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Published On: Wed, May 22nd, 2019

Mayawati for PM?

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mayawati-soniaNEW DELHI : Exit polls suggest Prime Minister Narendra Modi will win a landslide victory when votes are counted on Thursday. But if the polls are wrong, he may need outside help to form government.

Meanwhile, Uttar Pradesh politician Mayawati is believed to have conveyed her desire to be Prime Minister to one of the southern leaders who met her recently.Sources say Mayawati has clearly told the politician that her party’s support would go to “whoever supports me for Prime Minister”.
For the opposition, that telegraphs the possibility that Mayawati, one of the opposition’s leading players, could swing both ways, depending on who is willing to give her the top job. Mayawati’s reported condition reflects the challenges that non-BJP parties will face in attempts to consolidate and stitch up a majority if that occasion arises.
Mayawati, who tied up with old rival Samajwadi Party against the BJP in this election, has not been subtle about her ambitions. Earlier this month, she told her workers that she “may have to” contest the Lok Sabha election from Uttar Pradesh’s Ambedkar Nagar “if all goes well”. That was read as a signal that she wants the top job.
“If all goes well, I may have to seek election from here because the road to national politics passes through Ambedkar Nagar,” she said, addressing a public rally against a giant cutout of herself in front of the parliament building, captioned “Prime Minister”.
In March, the BSP chief had given a similar hint while explaining to her party workers that they should not lose heart at her decision not to contest the Lok Sabha polls.
She said if required, she would contest later from any seat held by her party. “When I became UP Chief Minister the first time in 1995 I was not a member of either the UP Assembly or Council. Similarly there is a provision at the Centre where a person have to be a parliament member within 6 months of holding office of minister/PM.
Mayawati’s bitter rival turned ally, Samajwadi Party chief Akhilesh Yadav, has indicated more than once that he would back “behenji (as Mayawati is popularly known)” for Prime Minister.
Here’s a list of kingmakers — regional political leaders with clout across various Indian states — who may decide whether the Modi-led Bharatiya Janata Party or their biggest political rival, Rahul Gandhi’s Indian National Congress, can reach the 272 seats needed for a majority.
The mild-mannered Naveen Patnaik, supremo of the Biju Janata Dal in the eastern state of Odisha, could well be one of the key men to be wooed by both Modi and Gandhi. With 3.5 percent or 18 members of Parliament, the Biju Janata Dal was the fifth-largest parliamentary party during Modi’s first term. This time, widely-varying exit polls predict Patnaik will win between two and 15 seats. and even praised his handling of cyclone Fani earlier this month. Odisha sends a total 21 members to the lower house.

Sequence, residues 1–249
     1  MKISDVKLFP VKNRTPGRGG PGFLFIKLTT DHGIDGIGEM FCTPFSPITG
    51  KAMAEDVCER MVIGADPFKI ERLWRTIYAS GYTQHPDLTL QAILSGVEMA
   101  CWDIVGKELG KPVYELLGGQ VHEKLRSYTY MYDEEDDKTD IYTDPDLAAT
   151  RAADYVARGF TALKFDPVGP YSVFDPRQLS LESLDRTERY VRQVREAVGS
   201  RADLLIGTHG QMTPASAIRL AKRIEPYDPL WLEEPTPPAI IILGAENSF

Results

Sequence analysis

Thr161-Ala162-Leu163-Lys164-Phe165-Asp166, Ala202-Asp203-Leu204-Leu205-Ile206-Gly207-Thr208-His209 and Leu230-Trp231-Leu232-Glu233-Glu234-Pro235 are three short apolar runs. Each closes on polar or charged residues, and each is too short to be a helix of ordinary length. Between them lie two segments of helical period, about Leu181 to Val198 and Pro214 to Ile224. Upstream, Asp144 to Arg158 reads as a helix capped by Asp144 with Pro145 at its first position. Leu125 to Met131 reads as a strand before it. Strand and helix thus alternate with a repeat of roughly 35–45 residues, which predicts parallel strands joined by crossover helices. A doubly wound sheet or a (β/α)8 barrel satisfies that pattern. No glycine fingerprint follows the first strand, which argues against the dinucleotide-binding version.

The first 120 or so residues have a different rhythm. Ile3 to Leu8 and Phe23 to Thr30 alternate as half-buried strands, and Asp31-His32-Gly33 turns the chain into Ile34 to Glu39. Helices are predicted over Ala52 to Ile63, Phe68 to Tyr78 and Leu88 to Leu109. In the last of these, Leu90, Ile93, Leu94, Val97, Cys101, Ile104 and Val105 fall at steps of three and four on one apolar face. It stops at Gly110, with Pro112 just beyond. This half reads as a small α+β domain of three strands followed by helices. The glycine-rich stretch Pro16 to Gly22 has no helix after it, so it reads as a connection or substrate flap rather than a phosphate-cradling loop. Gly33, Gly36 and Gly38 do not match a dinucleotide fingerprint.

The 63-year-old leader of the Bahujan Samaj Party, which represents Dalits or lower castes who make up about one fifth of India’s population, joined with Samajwadi Party and Rashtriya Lok Dal to form an anti-BJP front in Uttar Pradesh. Mayawati, who publicly clashed with BJP leaders over religious remarks during campaigning is expected to support an anti-Modi front.

But post-exit polls, she declined to join a meeting of opposition leaders on May 20. Her alliance with Samajwadi party was widely expected to sweep India’s biggest state. Yet, exit polls suggest the opposite, giving the BSP-Samajwadi alliance between 20 and 45 seats of the 80 parliamentary seats from Uttar Pradesh.

Chief minister of the eastern state of West Bengal, which sends 42 members to the lower house, Mamata Banerjee could be one of the deciders for a non-BJP government in New Delhi. Her Trinamool Congress Party, formed after moving out of Gandhi’s Indian National Congress in 1998, has been the strongest regional rival for Modi’s BJP over the last six weeks. Bengal elected 33 TMC members to the 16th Lok Sabha, making it the fourth-largest parliamentary party.
Exit polls, which she dismissed as “gossip” suggest her tally could fall to between 24-29. Modi’s biggest parliamentary rival after the Congress, Banerjee has been one of the most serious roadblocks to the BJP expanding its electoral presence in eastern India.
(With Inputs from UP).


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